A judge has tentatively granted the city of Fresno’s motion to dismiss a six-year-old case involving discolored and contaminated water in northeast Fresno homes.
The case was granted class-action status, meaning the 13 plaintiffs could have expanded to thousands. They claimed water delivered into their homes through corroded pipes ruined their plumbing and lowered property values.
An attorney representing some of the plaintiffs vowed to appeal, once Fresno County Superior Court Judge Rosemary McGuire’s ruling becomes final. Attorneys held oral arguments on Wednesday.
“We absolutely disagree with the court’s tentative ruling,” plaintiffs’ attorney Shehnaz Bhujwala of Boucher LLP told GV Wire.
McGuire, in her tentative ruling released Tuesday, was unconvinced that the plaintiffs made their case.
“Assuming a mandatory duty exists, there is insufficient evidence presented to create a triable issue as to breach or causation. Plaintiffs’ action is based on alleged violations of legislative enactments designed to protect public health. Plaintiffs are unable to present a triable issue of fact that the damage allegedly suffered is one of the consequences the enacting body sought to prevent in imposing the mandatory duty,” McGuire wrote.
The ruling in effect canceled a trial scheduled for April 2023.
Water Problems Dominated the Headlines in 2016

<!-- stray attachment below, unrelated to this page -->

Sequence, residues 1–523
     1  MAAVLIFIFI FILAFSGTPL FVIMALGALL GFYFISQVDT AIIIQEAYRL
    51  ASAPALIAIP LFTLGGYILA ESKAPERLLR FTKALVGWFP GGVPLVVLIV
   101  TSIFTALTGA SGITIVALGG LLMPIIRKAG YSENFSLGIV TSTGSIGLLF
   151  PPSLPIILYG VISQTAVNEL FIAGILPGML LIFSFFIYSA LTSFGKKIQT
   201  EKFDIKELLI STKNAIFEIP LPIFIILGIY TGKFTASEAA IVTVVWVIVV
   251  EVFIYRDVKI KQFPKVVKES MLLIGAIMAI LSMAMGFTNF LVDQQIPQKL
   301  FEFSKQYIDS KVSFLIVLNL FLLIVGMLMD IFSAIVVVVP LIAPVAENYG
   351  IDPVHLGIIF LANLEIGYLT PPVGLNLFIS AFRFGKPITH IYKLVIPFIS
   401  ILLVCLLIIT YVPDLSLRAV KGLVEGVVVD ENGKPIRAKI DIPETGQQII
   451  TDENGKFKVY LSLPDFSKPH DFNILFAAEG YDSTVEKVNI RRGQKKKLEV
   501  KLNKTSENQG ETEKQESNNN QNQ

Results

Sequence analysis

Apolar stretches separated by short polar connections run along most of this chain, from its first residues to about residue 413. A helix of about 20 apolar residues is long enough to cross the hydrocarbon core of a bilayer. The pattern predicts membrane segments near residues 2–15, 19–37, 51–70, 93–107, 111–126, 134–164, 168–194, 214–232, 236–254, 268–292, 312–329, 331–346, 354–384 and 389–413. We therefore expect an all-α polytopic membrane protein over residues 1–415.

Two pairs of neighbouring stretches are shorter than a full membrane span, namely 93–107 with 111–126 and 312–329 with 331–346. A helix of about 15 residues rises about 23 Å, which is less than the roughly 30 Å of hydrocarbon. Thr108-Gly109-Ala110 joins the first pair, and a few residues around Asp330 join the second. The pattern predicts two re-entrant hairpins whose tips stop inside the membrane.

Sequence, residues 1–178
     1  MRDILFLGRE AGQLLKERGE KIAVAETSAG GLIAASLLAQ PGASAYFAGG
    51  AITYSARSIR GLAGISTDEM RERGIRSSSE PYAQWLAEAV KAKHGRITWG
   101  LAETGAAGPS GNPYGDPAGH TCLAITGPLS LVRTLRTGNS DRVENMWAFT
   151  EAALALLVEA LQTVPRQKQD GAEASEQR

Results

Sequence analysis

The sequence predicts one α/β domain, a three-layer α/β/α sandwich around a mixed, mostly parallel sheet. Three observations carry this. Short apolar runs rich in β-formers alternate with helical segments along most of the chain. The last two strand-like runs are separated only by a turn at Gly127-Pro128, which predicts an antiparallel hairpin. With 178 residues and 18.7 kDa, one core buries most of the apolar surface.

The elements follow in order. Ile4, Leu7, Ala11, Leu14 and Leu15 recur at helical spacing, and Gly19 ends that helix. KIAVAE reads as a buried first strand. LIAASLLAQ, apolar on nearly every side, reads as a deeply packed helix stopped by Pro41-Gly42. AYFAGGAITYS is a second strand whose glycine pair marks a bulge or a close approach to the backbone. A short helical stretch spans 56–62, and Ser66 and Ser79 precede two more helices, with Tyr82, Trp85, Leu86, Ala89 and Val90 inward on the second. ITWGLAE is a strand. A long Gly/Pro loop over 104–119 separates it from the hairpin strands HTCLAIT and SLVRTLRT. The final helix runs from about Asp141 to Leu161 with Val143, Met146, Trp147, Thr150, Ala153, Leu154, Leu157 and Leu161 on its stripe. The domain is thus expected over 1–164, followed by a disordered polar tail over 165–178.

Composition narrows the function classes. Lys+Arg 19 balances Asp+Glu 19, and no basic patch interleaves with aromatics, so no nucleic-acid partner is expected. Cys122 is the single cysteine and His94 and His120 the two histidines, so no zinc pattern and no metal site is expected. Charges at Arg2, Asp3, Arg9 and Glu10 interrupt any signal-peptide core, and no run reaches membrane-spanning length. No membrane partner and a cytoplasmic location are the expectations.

With the Flint, Michigan water crisis top of mind for many, resident complaints about water quality initiated public meetings led by then-Fresno Public Utilities Director Thomas Esqueda.
He told residents that second-rate galvanized pipes were corroding and leaking iron, zinc, and even lead into their homes.
Subsequently, the then chief of Fresno’s water operations was placed on administrative leave over discrepancies in water quality reports.
And, the Fresno City Council quickly banned galvanized pipes for plumbing in new construction and remodels.
Damage Could Have Been in the Millions
The first lawsuit came in 2016 when residents said water from the northeast water treatment facility rusted their pipes. Another set of plaintiffs sued a year later, and the cases were consolidated.
Among other things, the plaintiffs said the city did not report discolored water complaints to state authorities and violated its permit to operate a water treatment facility.
Bhujwala, the attorney for the plaintiffs, estimated that damages could be in the millions.
“The court’s decision is opposite to prior decisions in the case where the court recognized that having to replumb your plumbing … is a necessary cost because the plaintiffs and class members are receiving discolored water that is contaminated with heavy metals leaching from the corroded plumbing,” Bhujwala said.
City officials did not respond to GV Wire’s request for comment.
The case is listed on the closed session agenda for Thursday’s Fresno City Council meeting.